Murdered man link to Iran arms trafficking deal

 ROME – The son of a former Iranian ambassador to Italy, killed in a murder-suicide Tuesday, was under investigation for a 300 million euro shipment of arms destined for Tehran, police sources said on Friday.

 Said Ansary Firouz, 68, was allegedly murdered by a fellow national and former employee at his office in Formello in Rome’s northern outskirts. Forty-seven-year-old gunman Foloty Kave, who had previously threatened Firouz with extortion, shot his former employer three times before turning the weapon on himself.

 The Carabinieri of Ostia seized cell phones and PCs immediately after the murder.

 Dubbed the man of a thousand lives, Firouz was the son of an Iranian ambassador who served in Italy during the 1970s.

 Living with his family – wife and two children – in a villa in Olgiata, northwest of Rome, Firouz worked as a vintage car salesman. But he was also an international arms dealer.

 Just days before his death the Special Investigative Department (ROS) of the Carabinieri had issued Firouz an indictment notice for international trafficking in weapons of war.

 Nine others of Iranian and Italian nationality were also being investigated.

 Among the arsenal of weapons sold to the Ayatollahs in Iran were the MQ-5 Hunter drone capable of dropping the GBU-44/B Viper Strike guided bomb; the Browning M2 machine gun; the AK 47; the Sako TRG M10 sniper rifle and the Tikka T3 Carabine.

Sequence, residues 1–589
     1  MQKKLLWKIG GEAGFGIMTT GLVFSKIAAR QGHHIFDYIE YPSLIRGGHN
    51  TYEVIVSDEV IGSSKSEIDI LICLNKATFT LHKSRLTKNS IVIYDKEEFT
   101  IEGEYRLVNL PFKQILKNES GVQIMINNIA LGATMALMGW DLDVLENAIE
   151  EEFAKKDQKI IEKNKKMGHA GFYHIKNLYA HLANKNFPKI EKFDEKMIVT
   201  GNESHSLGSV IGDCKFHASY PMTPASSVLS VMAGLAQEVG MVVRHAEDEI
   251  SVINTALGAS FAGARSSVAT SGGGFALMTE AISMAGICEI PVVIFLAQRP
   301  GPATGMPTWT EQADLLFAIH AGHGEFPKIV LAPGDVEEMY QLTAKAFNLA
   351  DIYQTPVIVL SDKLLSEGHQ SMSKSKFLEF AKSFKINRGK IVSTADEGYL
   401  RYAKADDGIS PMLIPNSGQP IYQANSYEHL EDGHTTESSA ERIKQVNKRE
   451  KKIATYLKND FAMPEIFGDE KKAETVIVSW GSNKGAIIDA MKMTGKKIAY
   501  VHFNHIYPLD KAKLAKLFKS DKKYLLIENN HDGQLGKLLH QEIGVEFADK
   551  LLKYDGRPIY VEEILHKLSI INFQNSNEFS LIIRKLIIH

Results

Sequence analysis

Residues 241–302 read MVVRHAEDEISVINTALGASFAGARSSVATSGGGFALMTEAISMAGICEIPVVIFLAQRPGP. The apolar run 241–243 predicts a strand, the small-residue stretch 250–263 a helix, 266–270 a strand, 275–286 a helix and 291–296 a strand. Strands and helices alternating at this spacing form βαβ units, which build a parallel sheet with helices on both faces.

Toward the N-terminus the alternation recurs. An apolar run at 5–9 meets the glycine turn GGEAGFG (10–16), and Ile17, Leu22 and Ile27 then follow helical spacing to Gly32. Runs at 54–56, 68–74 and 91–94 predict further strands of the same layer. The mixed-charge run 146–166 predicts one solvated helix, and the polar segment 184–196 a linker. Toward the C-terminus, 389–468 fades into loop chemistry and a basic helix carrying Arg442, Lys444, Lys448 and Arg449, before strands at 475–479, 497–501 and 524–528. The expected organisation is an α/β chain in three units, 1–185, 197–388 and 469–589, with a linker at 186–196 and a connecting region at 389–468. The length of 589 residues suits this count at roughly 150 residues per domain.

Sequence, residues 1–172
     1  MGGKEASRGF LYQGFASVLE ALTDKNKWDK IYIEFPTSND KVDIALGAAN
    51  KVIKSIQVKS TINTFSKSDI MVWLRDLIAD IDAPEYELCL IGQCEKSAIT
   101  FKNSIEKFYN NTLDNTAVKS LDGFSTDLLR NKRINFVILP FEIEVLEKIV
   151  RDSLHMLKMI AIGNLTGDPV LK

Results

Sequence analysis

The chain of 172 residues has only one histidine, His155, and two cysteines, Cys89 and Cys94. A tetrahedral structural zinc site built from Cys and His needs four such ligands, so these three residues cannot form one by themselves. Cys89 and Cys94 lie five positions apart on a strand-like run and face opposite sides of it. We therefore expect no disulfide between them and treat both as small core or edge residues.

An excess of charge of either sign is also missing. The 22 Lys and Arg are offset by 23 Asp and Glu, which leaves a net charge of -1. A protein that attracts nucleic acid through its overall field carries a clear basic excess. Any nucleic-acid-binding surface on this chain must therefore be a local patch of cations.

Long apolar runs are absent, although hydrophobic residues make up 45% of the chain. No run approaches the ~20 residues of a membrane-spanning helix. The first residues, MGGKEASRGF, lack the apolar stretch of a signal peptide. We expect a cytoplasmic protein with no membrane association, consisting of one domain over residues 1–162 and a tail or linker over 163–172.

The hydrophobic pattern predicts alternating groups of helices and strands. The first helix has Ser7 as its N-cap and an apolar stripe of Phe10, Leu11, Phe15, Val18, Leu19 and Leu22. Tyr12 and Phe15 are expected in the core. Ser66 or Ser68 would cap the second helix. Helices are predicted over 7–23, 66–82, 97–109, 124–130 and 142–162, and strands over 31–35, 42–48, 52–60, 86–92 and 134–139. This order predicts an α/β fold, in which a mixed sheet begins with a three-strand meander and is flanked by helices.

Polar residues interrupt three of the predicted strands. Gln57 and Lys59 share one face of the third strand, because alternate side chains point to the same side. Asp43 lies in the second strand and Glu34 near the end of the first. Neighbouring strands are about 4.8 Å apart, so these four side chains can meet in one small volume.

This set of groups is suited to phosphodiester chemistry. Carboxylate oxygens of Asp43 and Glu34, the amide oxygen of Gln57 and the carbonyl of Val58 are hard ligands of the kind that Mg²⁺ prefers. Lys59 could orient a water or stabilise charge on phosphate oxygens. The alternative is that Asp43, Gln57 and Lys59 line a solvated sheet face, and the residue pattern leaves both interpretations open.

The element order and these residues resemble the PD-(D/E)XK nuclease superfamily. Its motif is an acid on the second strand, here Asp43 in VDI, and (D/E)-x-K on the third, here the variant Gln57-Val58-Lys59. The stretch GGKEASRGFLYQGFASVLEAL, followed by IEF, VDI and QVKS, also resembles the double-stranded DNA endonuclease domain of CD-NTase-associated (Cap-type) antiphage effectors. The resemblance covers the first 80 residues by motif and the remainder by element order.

Firouz was the middleman – a crucial link connecting supply with demand.

 The Ayatollahs had paid 300 million euros to drone producer Gabriele Santiccioli’s Flytop, in an attempt to bring remotely piloted aircraft to their homeland. Investigators believe negotiations had focused on the MQ-5 Hunter drones – aircraft with a wingspan of nine metres and a range of 120 kilometres, capable of flying continuously for 18 hours at a height of five thousand metres. But more importantly, capable of dropping the GBU-44/B Viper Strike guided bomb.

 According to the ROS Carabinieri, a second weapons delivery was due to arrive in the Islamic Republic. But, in the spring of 2017, a shipment of 5,000 pieces of armament material including the Browning M2 machine gun, the AK 47, the Sako TRG M10 sniper rifle and the Tikka T3 Carabine, never made it to its destination.

 The deal remained on paper, thanks to the intervention of the ROS.